• 4. 542FreudAIM: - To provide support for Freud’s psychoanalytic theory of developmentand his theory explaining phobias.PROCEDURE: - Case study, Opportunity sample. Hans’ father recordedevents and conversations and sent these to Freud. Case study and ActionResearch.PARTICIPANT: - Hans aged 3-5 years during case study.DETAILS OF CASE STUDY: - Sources of anxiety came from his Mother(repressed sexual desire for her) and Father (Jealousy, Oedipus Conflict). Had aphobia of horses. The horse thought to symbolise his Father (blinkers, blackmouth and large penis). Had a number of dreams/fantasies including the giraffedream, marrying his mother and the plumber dream.CONCLUSION: - Support for Oedipus Conflict. His phobia representedunconscious anxieties. Section A 2. Freud suggested that Hans’ fear of horses symbolised his fear of his father. Outline two pieces of evidence that support this. (4) Section BSample?ResearchMethod?Results?Conclusions?Alternatives? 4
  • 5. 542 Section C Developmentala) Key Assumptions: An approach to understanding the human conditionthat covers the whole lifespan. Researchers use a wide range of methodsand techniques. The focus is on how behaviours are initiated and thendevelop. Typical areas of study include; emotional and moral development;how thinking develops and how children learn to communicate. Samuel &Bryan, Bandura, Freud.b) How does the developmental approach explain Aggression?How does the developmental approach explain Phobias?How does the developmental approach explain cognitive development(the ability to conserve)?c) Describe a similarity and a difference between the Samuel &Bryant study and any other which uses the developmental approach. 5
  • 6. 542Describe a similarity and a difference between the Bandura study andany other which uses the developmental approach.Describe a similarity and a difference between the Freud study andany other which uses the developmental approach. d) Strengths Weaknesses • Many studies are • Reliability of generalising longitudinal (e.g. Freud) results from small, ethnocentric samples (e.g. Freud, Bandura, Samuel & • Educational Implications, Bryant) particularly for spotting possible problems early and intervening (e.g. • Problems of interpretation Samuel & Bryant) and understanding involved with working with children (e.g. Samuel & • Practical Applications (e.g. Bryant) Bandura – limit aggression children are exposed to on TV) • Ethics of working with children (e.g. Bandura) 6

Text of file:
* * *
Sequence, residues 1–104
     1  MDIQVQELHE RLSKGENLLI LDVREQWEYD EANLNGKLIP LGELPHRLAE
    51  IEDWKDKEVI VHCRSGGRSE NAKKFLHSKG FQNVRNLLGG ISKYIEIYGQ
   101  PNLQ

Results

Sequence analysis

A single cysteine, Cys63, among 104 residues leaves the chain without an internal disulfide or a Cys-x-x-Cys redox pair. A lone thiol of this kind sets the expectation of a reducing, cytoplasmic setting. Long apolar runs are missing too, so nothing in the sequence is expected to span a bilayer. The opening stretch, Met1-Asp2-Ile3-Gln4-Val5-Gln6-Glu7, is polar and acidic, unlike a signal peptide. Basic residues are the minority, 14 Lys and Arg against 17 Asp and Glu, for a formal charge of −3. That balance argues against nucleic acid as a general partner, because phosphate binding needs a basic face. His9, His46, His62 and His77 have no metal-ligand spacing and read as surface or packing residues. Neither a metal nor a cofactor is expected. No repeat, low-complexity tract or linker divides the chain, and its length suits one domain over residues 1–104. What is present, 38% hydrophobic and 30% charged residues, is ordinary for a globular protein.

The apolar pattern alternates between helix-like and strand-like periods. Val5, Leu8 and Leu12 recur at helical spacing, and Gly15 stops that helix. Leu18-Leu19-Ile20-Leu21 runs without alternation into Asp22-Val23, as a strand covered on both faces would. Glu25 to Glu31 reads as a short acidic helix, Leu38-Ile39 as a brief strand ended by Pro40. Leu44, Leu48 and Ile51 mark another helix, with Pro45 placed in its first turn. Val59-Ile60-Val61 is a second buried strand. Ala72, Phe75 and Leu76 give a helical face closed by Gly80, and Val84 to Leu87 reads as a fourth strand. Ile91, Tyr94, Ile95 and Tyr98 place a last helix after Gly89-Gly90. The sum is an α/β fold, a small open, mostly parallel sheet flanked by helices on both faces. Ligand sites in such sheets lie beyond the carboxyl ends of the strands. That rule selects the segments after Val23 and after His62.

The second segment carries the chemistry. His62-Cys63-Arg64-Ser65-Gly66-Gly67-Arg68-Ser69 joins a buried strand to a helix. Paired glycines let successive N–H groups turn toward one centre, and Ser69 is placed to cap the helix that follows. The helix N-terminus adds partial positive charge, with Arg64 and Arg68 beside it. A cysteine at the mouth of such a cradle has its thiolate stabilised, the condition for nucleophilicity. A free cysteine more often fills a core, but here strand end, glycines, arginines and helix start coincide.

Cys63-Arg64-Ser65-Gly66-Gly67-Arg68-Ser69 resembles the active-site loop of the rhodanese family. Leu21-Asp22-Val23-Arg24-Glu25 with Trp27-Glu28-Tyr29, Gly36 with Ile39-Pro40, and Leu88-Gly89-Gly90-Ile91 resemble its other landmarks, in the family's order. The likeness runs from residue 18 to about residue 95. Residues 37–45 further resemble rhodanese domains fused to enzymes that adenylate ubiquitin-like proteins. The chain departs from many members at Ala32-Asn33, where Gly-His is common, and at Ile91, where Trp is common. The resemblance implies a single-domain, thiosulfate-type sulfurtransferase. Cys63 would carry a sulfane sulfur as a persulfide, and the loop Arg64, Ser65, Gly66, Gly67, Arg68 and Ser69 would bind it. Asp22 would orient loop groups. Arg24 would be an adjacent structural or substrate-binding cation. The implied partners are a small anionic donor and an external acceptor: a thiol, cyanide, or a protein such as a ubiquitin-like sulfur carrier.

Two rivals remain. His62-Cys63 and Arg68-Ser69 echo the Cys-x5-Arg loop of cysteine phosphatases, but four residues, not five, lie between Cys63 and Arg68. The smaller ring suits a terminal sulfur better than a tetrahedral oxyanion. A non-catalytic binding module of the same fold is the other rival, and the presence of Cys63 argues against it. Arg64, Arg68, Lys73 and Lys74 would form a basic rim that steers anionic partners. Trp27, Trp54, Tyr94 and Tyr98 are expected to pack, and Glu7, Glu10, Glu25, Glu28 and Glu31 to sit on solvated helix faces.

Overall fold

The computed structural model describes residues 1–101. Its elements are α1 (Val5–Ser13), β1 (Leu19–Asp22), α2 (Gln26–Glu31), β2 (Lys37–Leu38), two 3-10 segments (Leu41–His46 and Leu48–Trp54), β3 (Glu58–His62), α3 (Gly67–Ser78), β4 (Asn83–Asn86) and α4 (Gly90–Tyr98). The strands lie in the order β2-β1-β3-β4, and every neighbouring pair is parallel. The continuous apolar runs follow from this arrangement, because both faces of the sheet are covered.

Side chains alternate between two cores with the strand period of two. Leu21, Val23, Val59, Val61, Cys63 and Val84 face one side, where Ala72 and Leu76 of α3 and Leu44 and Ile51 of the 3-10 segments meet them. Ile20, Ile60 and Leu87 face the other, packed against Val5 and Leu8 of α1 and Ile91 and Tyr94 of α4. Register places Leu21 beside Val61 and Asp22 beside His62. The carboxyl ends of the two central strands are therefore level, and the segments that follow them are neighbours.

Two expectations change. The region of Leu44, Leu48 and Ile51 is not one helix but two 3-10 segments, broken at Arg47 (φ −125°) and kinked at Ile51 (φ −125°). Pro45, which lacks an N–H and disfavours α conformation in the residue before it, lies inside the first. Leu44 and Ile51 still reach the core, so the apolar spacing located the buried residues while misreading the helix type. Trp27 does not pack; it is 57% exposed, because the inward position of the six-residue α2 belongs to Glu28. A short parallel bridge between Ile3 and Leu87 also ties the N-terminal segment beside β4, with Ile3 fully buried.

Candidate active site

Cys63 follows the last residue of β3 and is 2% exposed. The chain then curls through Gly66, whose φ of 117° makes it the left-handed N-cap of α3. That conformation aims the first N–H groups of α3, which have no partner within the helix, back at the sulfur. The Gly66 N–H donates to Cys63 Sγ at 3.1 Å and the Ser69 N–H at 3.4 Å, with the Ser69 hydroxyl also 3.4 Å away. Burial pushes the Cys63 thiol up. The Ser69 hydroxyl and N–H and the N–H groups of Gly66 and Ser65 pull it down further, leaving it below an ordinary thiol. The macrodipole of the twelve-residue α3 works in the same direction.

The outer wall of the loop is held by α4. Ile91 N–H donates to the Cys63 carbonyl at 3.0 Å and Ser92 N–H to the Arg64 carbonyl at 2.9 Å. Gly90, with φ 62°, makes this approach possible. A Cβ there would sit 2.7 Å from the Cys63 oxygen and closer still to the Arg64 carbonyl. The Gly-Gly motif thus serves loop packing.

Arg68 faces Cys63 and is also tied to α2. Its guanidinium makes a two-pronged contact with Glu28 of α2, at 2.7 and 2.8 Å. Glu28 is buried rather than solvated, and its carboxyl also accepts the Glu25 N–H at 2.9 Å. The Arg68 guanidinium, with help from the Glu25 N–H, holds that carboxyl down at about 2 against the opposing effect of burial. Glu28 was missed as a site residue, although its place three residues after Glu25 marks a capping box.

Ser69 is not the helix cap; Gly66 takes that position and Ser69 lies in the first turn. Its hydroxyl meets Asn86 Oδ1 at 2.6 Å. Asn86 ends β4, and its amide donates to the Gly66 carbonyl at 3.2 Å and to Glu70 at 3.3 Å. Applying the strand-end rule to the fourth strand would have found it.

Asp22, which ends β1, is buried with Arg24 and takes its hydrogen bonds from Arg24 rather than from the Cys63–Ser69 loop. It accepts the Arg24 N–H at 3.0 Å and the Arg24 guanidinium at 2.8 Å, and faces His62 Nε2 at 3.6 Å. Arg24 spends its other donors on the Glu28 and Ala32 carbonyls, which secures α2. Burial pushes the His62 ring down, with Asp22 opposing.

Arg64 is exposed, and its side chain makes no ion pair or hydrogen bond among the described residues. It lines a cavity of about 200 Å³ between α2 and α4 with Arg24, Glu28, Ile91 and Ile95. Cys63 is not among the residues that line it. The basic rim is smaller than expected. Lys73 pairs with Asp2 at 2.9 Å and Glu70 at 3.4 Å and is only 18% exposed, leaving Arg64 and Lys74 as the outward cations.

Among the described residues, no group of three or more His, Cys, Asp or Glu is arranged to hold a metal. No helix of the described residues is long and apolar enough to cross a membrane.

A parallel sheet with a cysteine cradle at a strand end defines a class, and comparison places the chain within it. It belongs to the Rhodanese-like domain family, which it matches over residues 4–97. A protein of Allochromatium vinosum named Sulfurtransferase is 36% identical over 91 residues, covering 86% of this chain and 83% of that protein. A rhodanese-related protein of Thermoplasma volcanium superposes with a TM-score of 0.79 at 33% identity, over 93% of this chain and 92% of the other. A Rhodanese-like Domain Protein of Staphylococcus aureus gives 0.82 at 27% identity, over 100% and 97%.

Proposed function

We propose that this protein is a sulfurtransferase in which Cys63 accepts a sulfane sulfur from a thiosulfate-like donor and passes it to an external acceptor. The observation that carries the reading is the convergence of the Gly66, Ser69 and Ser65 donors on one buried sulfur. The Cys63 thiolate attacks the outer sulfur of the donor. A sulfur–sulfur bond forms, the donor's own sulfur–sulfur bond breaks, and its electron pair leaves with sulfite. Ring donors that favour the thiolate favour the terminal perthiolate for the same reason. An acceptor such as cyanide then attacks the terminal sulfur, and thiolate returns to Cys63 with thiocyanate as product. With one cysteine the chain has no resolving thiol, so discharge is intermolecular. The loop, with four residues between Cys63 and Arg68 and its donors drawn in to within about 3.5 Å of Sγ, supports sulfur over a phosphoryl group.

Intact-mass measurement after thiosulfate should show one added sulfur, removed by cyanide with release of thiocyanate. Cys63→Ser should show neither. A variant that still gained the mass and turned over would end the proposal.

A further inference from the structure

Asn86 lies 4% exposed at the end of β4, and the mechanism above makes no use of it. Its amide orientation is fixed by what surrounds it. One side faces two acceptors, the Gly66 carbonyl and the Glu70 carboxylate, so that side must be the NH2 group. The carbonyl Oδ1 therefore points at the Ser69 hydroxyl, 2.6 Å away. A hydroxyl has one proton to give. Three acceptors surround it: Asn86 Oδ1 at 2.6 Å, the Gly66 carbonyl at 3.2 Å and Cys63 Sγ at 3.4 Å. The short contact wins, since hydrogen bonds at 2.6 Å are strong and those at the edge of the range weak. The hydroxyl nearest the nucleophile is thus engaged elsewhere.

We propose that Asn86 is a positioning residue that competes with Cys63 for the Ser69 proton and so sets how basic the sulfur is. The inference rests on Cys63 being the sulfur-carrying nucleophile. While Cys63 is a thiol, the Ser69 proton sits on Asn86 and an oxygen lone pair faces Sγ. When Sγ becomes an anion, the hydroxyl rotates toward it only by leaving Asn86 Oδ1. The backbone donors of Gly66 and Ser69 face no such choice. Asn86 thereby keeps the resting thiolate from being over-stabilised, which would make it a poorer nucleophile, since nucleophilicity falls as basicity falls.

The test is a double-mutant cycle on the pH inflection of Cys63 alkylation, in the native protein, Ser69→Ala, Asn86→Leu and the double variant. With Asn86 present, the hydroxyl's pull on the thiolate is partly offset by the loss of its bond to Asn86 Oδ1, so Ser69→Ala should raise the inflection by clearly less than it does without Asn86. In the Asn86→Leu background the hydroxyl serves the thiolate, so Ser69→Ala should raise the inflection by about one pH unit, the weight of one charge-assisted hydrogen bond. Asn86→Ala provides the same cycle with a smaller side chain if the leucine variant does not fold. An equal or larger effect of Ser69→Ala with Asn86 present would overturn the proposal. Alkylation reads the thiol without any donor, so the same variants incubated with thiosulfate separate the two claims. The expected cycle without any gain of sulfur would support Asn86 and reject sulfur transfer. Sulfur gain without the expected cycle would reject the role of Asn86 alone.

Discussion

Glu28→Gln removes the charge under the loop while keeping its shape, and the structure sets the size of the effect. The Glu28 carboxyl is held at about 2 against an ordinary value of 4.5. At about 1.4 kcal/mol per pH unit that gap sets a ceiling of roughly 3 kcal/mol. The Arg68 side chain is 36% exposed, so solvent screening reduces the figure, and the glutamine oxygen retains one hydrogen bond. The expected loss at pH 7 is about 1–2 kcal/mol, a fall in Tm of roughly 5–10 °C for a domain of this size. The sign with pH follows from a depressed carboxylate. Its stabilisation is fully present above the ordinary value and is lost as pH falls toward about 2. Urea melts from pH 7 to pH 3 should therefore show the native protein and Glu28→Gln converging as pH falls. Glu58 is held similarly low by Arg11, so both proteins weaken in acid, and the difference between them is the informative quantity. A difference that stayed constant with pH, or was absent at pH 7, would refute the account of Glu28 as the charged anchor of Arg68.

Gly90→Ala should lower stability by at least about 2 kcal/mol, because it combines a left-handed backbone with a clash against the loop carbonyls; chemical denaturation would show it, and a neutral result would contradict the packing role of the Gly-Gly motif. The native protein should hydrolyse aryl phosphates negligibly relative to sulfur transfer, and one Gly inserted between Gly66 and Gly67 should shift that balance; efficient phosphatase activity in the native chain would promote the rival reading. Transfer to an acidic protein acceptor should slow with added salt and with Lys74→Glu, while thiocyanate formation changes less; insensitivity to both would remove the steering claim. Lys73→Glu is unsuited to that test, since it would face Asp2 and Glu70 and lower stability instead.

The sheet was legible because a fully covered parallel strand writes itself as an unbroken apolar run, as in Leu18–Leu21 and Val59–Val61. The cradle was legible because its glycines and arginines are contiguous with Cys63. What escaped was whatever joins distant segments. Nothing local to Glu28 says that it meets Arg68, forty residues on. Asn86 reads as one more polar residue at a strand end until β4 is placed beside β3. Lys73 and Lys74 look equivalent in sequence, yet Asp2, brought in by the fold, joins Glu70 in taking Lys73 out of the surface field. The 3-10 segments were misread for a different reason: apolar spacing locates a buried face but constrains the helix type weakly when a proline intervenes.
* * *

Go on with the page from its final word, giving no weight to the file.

• 7. 542 Individual DifferencesRosenhanAIM: - To investigate the reliability of psychiatric diagnoses and considerwhether abnormality is due to personality or situation.PROCEDURE: - Field exp, Self-selected Ps, Opportunity sample ofhospitals.8 pseudo patients sent to 12 hospitals in USA. Said they heard voicessaying ‘empty, thud and hollow’.RESULTS: - Admitted and average stay 19 days. Patients were depersonalised.Whilst in the hospital pseudo patients recorded their observations. Dischargedwith ‘schizophrenia in remission’.CONCLUSION: - Doctors made the mistake of calling a healthy person sick(type II error).In a FOLLOW UP study, staff in one psychiatric hospital were told to expectpseudo patients over 3 months.RESULTS: - 41 real patients were suspected.CONCLUSION: - this time doctors made a type I error as all patients weregenuine. This shows diagnosis is not reliable. Section A 1. In the study, the pseudopatients were incorrectly diagnosed as Schizophrenic. Give two possible explanations of why the hospital made this mistake. (4) Section BSample?ResearchMethod?Results?Conclusions?Alternatives? 7